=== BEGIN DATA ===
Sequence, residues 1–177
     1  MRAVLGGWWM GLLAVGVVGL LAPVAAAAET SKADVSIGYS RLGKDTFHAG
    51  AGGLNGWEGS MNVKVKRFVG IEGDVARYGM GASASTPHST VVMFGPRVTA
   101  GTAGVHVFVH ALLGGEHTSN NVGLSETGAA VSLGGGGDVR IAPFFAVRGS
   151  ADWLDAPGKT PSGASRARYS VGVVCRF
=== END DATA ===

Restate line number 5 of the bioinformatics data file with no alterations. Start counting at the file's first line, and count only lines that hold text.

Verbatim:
   151  ADWLDAPGKT PSGASRARYS VGVVCRF